- 4wd won’t make you an invincible force. It will drastically help with performance and safety over a 2wd vehicle, but it won’t make up for excessive speed or fast maneuvers. Use with caution, common sense and always remember that 4wd does not help with stopping any more than a 2wd vehicle.
Carry the essentials for snow travel
When you’re heading to the mountains, you need to prepare for both what will happen and what might happen.
Conditions and situations can change very quickly. Bringing the essentials along with you can help you get to your destination and possibly save your life.
What I bring on a snow trip
- Snow shovel. A dedicated snow shovel will move a lot of snow much faster than a standard shovel, meaning more work done for the effort.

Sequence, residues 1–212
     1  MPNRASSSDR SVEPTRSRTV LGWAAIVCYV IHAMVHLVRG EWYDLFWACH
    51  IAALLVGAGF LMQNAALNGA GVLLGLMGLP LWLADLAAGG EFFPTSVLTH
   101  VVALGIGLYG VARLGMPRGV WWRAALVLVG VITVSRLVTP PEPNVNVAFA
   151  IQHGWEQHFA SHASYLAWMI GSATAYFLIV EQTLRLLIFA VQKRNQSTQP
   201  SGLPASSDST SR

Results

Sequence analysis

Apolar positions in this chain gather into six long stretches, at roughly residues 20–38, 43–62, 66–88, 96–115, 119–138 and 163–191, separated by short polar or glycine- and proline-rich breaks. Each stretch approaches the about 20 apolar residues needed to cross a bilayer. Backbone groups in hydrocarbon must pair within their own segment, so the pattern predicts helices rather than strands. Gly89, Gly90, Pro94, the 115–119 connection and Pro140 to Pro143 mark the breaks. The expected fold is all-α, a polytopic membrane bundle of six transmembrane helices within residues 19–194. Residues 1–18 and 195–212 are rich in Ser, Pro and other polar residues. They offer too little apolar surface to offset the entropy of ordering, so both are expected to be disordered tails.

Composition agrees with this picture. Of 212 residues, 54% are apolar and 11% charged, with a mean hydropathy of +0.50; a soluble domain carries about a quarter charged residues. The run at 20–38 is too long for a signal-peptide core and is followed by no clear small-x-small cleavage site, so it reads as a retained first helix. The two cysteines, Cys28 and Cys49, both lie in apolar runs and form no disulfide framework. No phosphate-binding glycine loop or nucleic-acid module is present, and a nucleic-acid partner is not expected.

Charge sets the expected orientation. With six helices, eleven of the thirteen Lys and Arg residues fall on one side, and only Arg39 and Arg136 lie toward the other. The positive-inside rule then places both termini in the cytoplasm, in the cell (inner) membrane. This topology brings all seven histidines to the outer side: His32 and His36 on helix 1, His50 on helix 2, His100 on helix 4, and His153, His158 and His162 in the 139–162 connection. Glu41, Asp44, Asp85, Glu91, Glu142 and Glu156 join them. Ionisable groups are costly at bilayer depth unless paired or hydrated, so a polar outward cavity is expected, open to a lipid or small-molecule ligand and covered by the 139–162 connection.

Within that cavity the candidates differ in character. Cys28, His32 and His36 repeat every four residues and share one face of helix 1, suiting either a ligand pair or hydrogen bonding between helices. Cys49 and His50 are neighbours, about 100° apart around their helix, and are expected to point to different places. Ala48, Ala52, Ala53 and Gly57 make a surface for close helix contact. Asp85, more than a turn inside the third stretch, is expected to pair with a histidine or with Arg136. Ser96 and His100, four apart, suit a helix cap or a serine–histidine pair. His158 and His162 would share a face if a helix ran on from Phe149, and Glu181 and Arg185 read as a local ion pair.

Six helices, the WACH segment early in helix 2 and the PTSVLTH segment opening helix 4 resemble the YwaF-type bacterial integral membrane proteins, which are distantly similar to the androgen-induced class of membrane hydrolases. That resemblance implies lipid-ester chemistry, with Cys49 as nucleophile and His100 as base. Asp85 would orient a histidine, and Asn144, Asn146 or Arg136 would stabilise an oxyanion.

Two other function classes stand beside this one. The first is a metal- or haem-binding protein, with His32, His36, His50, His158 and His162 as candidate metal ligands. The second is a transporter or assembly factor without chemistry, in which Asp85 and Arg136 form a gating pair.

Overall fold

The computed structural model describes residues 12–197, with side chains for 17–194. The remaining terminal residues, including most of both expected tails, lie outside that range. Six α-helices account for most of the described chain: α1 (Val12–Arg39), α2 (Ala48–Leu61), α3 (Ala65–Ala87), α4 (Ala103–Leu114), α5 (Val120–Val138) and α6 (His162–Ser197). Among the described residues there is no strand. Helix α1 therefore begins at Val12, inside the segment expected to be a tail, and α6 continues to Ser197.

- Tow/snatch strap. This is the easiest way to get unstuck, or help someone else. Don’t forget soft shackles and a hitch pin to attach it at both ends.
- Traction boards (MAXTRAX or TREDS) make for a light-weight self-recovery option when traversing deeper snow drifts, but typically won’t help on icy or heavily packed snow.
- A snow rated spare tire. In the event that you need to change out a tire due to a flat, having a snow rated tire that matches the others is very beneficial because you will still have equal traction across your 4 tires.
- Chains. In California, they are required to be in your vehicle when under chain control even with 4wd. They are also the best way to gain traction in bad conditions, and very handy to have. I carry RUD Grip 4×4 chains for all 4 tires when traveling into the snow.